oh, the irony...

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One of my biggest pet peeves is people who litter.  
It drives me crazy to see people toss cigarettes or trash out the windows of cars.  In Texas, the campaign  "Don't Mess with Texas" was  a huge success in deterring the litter problem.  I would personally like to see a national campaign of "Only stupid people litter".  :)
Somehow, it is even worse to live here in this beautiful, natural, rural setting and see trash on the side of the road.  I am the "self-appointed" road monitor in my neighborhood and often pick up litter when we go on our dog walks.  As much as it makes me angry that I have to do it, it also can turn my whole day around to do something beneficial for my neighborhood.  I swear you can hear the forest whispering "thank you" as I/we pick up trash along the road. 

One day, Dan and I were on a dirt road in our neighborhood picking up trash and I climbed up an incline into some bushes to pick up a good half dozen beer bottles.  In climbing out, I tripped over a limb and fell.   I saw the sharp pointed edge of a thick, jagged stump rushing towards my face as I fell.  I turned my head at the last second and the stump scraped the side of my neck leaving a large gash, but I survived.  In the split-second of the fall I was seeing my obituary:  woman dies picking up trash!  I did, however, land with all of the beer bottles safely in my arms. ;)  Poor Dan stood there watching the whole event unfold in slow motion.  He relived the image for days and banned me from going into the brush to retrive litter; which, of course, lasted until the next time I spotted a bottle in the woods. ;)

One of our daily walking routes is referred to by us as "the loop."  The other day as Ella and I walked the loop I picked up trash along the road.  We were about 3/4 the way around when my grocery bag was full of liter and I decided to leave the bag on the side of the road (to pick up later, or sometimes a nice phantom neighbor will assist my efforts and pick up the bags, or piles I make until I can get back with more bags)  and cut through a path in the woods to get home (thankfully, there is never any litter in the forest.)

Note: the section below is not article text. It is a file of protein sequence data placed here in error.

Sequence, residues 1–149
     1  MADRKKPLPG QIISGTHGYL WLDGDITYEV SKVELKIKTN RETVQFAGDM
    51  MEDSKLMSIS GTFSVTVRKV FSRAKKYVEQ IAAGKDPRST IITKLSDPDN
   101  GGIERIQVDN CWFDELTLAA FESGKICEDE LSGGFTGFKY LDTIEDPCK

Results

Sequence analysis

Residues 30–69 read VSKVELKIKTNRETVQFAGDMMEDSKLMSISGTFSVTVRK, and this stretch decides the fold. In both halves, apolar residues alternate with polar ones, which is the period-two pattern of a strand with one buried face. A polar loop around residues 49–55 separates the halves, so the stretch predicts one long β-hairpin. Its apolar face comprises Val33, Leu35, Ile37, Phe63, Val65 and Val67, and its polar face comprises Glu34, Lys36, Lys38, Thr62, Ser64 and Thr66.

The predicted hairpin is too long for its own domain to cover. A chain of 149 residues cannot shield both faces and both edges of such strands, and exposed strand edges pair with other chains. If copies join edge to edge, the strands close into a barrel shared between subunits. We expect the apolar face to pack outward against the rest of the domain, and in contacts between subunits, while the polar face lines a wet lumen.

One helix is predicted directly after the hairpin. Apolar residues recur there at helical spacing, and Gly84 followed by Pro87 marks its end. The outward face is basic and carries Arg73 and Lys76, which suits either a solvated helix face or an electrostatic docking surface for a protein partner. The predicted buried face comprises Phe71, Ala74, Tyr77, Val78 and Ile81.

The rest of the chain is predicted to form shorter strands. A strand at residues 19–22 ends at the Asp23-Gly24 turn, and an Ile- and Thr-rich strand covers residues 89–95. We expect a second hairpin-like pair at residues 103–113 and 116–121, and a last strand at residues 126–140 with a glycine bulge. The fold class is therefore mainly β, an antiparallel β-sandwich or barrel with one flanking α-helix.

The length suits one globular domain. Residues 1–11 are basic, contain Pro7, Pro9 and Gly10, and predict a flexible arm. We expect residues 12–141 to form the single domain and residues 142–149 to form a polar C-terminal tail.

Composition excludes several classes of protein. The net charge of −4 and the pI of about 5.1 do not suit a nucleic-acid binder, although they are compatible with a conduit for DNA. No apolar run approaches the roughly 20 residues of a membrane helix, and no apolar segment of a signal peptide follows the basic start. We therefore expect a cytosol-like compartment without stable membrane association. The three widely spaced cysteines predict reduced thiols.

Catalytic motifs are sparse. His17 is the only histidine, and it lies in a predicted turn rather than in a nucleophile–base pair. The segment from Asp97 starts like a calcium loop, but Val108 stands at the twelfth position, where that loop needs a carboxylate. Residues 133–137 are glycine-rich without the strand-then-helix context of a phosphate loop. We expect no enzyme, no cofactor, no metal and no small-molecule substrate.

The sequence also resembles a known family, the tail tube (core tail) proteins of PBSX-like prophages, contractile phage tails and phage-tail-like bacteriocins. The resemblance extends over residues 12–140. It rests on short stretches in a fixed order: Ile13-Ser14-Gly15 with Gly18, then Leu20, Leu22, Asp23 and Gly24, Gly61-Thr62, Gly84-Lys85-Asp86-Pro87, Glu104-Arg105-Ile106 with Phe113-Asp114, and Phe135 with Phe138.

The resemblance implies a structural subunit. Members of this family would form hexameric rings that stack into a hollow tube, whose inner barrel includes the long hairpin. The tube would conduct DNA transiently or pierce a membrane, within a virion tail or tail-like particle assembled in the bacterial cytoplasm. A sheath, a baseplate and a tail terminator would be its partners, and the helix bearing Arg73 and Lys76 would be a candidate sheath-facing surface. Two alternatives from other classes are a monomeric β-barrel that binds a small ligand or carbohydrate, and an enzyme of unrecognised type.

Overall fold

It was a gorgeous Fall day and I wanted to sit in the forest for a while and feel its calm energy.  I found an abandoned stone wall, long forgotten, that was deep in the trees off of the path.

As I sat on there on the wall I happened to noticed what looked like the bottoms of two bottles buried at the base of a nearby tree.   They were barely visible under decades of forest debris and pine needles.


I dug them out... a treasure!  Two antique bottles with that slight purple tinge that sitting out in the sun for 100 years will do to glass.   One bottle had writing on it and looked to be a whiskey bottle; the other bottle was unmarked, but had a wide mouth.  I was delighted, and immediately started to ponder who had placed them there and when?  Who was the last person to touch them?  Perhaps one of the men who had built the wall?   I'm thinking I would need a shot or two;) of whiskey if I had just spent the day moving huge stones to make a wall!

As I happily carried my newly found "treasures" out of the forest it suddenly dawned on me....

Oh, the irony.
My "treasures" were in reality just someones one hundred year old litter!

I brought my new finds home, soaked them for days and cleaned them up.  One is indeed a whiskey bottle from the  H.W. Huguley Co. that was in Boston from 1834 to 1916 (according to ebay it isn't of great value.)  The other has a fabulous shape, but no marking except for a "2" on the bottom.  I have no idea what it contained.  (Any bottle experts out there?!)  I'm going to get a large cork stopper to fit the top so that I can use it for ???!

So, do you suppose I should leave all the Bud Lite cans and Miller bottles on the road, and in one hundred years someone will think that they, too, are "treasures"?!

a few more shots from our walk through the forest...